Last week I was in Berlin on a short business trip and, since I was meeting with some friends there and didn’t want to create logistic problems at dinner, I let down my strict ketogenic diet for a couple of days. I was tempted into two hamburger lunches: one in a cosy and as-much-kitsch-as-I-expected pub near Leopold Platz, and another in the airport at a Burger King. Besides the obvious difference in quality between the two places, I noticed another thing. While I was queuing at BK, I felt a discomforting sensation, like I could not concentrate at all on a problem that was on my mind. At first, I thought it was normal, since it has been an exhausting day, and maybe I was asking too much from my brain. As comforting as this thought was, it was false: I realised that I was not able to concentrate because I was unconsciously reading the meaningless text/advertisement on the tray’s placemat!
Before telling you the end of the story, let me digress a while. I believe that, broadly speaking, there are three types of distractions (intended as what divert our mind from the matter at hand):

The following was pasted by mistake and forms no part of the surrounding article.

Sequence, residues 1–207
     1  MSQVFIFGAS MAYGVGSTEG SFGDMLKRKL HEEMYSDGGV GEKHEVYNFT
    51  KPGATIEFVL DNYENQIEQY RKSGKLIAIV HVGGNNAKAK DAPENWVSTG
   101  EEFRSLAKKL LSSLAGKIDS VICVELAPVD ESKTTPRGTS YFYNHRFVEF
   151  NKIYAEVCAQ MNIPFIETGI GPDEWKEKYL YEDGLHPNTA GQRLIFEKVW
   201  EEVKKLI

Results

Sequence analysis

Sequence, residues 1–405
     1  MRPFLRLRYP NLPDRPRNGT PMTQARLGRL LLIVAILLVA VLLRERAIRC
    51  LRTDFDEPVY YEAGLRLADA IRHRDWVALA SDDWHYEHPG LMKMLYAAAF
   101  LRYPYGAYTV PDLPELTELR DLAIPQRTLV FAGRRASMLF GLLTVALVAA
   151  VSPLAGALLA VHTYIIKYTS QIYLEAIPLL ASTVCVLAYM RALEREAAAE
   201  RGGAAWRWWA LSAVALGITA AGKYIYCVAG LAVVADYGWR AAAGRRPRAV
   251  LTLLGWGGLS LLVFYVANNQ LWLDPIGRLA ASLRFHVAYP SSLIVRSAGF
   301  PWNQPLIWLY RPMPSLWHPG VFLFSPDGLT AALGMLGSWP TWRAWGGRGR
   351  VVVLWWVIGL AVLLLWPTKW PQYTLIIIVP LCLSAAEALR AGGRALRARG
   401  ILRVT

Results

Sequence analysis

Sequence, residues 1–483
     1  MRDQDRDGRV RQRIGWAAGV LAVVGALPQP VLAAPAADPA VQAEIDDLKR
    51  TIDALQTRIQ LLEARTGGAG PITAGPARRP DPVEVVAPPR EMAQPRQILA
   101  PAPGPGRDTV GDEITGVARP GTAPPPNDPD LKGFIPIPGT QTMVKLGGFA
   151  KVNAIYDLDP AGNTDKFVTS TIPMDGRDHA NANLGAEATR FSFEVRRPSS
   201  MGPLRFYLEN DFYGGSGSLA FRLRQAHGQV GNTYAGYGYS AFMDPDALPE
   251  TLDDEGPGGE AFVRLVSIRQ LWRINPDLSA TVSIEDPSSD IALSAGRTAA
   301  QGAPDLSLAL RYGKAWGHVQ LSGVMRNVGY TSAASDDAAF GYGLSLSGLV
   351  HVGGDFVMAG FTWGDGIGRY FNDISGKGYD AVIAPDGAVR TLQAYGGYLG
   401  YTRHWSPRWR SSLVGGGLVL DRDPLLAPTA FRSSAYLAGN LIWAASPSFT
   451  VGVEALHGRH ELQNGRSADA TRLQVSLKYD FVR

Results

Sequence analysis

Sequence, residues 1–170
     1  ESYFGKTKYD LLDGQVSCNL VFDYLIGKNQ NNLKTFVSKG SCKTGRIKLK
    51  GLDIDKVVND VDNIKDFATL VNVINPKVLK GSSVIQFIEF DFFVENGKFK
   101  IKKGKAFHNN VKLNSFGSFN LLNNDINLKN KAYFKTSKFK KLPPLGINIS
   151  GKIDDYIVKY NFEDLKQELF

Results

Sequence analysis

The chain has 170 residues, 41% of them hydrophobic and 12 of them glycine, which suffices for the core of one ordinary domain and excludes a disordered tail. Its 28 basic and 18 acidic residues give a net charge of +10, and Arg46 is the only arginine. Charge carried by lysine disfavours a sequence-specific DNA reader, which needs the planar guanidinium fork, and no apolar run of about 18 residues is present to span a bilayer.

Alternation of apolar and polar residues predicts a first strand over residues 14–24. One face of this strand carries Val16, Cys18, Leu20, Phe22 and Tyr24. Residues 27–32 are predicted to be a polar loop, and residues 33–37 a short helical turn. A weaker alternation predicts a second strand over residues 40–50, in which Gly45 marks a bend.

- Those we actively seek when we feel like taking a break (TV, Facebook, taking a walk…)
- Those that just happen (a sudden noise, a sneeze, a natural phenomenon…)
- Those that others impose on us (phone calls, Facebook notifications, advertisement, commercials…)
I will not comment about the first two, but the third kind is surely something we can deal with if we recognise it and are willing to take action. Turn off that phone if you are doing something important, use your remote to switch channel during commercials, turn off FB notifications… The list of possible actions is endless, but it can save the integrity of your productivity and problem-solving ability: it has been proven that long stretches of uninterrupted concentrations are just what you need to overcome some types of problems or to get to a breakthrough.
So, what did I do when I finally recognised the issue? A simple trick that I used to perform in the university’s cafeteria, but that I somehow forget: I turned the placemat to the other side, and I went on to chew my burger facing a wall and not the crowded passageway. The result? I enjoyed my dinner and went on uninterrupted pondering what was on my mind.
So, who said that flippin’ burgers is a low-income-no-ROI job? It can save your work if you learn when and how to do it!
Until next time, enjoy your meal!
P.s.: I can’t resist wondering how History would have changed if The Wall was erected in Hamburg. Can you imagine JFK uttering “Ich bin ein Hamburger”?